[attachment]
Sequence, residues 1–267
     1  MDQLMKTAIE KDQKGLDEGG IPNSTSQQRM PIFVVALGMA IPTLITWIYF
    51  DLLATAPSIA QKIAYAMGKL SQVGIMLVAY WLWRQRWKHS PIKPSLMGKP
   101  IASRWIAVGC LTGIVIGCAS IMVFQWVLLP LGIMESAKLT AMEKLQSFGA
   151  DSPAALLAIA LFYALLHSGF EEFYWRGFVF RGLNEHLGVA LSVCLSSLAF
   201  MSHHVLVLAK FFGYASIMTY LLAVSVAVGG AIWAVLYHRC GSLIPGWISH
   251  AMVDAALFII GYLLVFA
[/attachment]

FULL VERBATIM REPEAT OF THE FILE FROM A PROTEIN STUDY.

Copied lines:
Sequence, residues 1–267
     1  MDQLMKTAIE KDQKGLDEGG IPNSTSQQRM PIFVVALGMA IPTLITWIYF
    51  DLLATAPSIA QKIAYAMGKL SQVGIMLVAY WLWRQRWKHS PIKPSLMGKP
   101  IASRWIAVGC LTGIVIGCAS IMVFQWVLLP LGIMESAKLT AMEKLQSFGA
   151  DSPAALLAIA LFYALLHSGF EEFYWRGFVF RGLNEHLGVA LSVCLSSLAF
   201  MSHHVLVLAK FFGYASIMTY LLAVSVAVGG AIWAVLYHRC GSLIPGWISH
   251  AMVDAALFII GYLLVFA